N.J. trucking executive testifies to Senate on toll costs

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A chief financial officer for a trucking company on Wednesday, April 18, warned a Senate subcommittee that rapidly increasing toll rates, as well as the spread of tolls across the transportation system, are a threat to consumers and to the trucking industry.

“I am deeply concerned about the significant increases in toll costs that have been imposed on NFI and other trucking companies over the past few years,” said Steve Grabell, testifying on behalf of the American Trucking Associations during a hearing of the Senate Commerce, Science and Transportation Committee’s Subcommittee on Surface Transportation and Merchant Marine Infrastructure, Safety and Security.

Grabell told the committee’s chairman, Sen. Frank Lautenberg (D-N.J.), and other members that in 2011 alone, the Cherry Hill, N.J., carrier paid $14 million in tolls. “These added costs have forced us to reroute our trucks to less efficient secondary roads, which raises our costs and increases congestion and safety concerns,” he said. “In addition to the impact increased tolls have on logistics providers, the added costs associated with toll increases filter down to the consumer and affect business decisions regarding hiring and facility location and expansion.”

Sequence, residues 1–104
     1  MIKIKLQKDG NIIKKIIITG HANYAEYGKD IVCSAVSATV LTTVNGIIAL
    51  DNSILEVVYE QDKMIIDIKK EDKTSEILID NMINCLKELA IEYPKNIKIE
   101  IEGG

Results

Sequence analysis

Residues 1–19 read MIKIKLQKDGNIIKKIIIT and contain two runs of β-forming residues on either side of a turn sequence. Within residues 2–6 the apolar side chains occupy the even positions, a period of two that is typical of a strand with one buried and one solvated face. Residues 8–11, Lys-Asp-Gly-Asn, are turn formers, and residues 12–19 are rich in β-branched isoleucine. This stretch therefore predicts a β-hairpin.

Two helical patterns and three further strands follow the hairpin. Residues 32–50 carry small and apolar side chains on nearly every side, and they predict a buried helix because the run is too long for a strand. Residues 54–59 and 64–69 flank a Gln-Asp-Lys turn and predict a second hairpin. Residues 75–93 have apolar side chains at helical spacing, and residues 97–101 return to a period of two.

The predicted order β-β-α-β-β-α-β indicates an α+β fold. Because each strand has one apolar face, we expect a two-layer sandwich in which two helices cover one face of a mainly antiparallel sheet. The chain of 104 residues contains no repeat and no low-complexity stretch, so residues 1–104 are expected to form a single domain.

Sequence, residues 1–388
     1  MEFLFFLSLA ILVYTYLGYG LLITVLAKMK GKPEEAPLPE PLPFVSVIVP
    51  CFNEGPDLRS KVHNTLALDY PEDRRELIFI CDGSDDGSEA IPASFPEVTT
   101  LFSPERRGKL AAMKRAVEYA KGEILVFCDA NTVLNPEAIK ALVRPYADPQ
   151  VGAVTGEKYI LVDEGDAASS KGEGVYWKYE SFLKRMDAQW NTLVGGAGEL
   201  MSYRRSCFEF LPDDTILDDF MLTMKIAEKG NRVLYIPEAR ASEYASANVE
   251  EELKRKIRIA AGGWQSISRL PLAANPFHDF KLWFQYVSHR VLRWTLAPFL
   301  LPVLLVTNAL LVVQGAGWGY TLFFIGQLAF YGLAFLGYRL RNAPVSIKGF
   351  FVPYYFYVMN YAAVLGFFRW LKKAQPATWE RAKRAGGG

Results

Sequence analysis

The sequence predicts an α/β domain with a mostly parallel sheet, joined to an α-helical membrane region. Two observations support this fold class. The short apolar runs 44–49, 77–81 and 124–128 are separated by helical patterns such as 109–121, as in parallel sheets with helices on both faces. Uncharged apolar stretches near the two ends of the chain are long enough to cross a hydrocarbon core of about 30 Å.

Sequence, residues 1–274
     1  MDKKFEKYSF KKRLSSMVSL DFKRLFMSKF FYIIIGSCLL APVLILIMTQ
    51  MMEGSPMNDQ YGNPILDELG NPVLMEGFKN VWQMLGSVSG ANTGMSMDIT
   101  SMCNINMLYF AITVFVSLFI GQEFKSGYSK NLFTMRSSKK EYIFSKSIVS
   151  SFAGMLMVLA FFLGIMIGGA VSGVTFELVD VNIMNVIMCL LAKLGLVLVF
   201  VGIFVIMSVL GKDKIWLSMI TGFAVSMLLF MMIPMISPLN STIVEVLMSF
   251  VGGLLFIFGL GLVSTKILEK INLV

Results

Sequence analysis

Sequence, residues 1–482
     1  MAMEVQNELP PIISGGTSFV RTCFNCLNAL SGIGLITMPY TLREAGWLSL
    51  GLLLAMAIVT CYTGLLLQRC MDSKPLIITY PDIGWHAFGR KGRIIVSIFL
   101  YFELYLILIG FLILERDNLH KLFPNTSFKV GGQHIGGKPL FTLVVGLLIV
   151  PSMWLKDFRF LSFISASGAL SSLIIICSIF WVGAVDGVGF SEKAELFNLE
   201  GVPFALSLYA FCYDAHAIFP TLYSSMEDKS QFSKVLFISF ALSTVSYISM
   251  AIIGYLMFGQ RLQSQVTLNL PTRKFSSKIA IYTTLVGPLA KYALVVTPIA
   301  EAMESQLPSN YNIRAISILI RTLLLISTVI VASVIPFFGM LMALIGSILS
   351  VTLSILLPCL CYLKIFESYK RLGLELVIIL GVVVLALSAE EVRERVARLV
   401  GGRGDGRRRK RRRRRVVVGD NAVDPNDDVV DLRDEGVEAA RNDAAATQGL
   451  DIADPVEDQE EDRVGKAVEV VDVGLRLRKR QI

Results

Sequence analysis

Where toll facilities serve interstate traffic, federal oversight and possible intervention in determining toll rates is necessary and appropriate, Grabell said, urging the committee to support the Commuter Protection Act introduced by Lautenberg to provide federal oversight for toll authorities.

Grabell said the planned increases in tolls on the bridges between New York and New Jersey operated by the Port Authority of New York and New Jersey would increase tolls 163 percent by 2015, to a total of $105 per truck, “nearly three times greater than the country’s next-highest bridge toll. It appears the vast majority of the revenue will be used to benefit seaports and airports and to complete the reconstruction of the World Trade Center office buildings.”

“Congress has an obligation under the Constitution’s Commerce Clause to ensure that interstate travelers, who may not be represented when toll rate setting and spending decisions are made, have a voice in these processes,” Grabell said, adding that ATA believes the Commuter Protection Act “is a significant step toward ensuring better oversight of tolling authorities that serve interstate traffic.”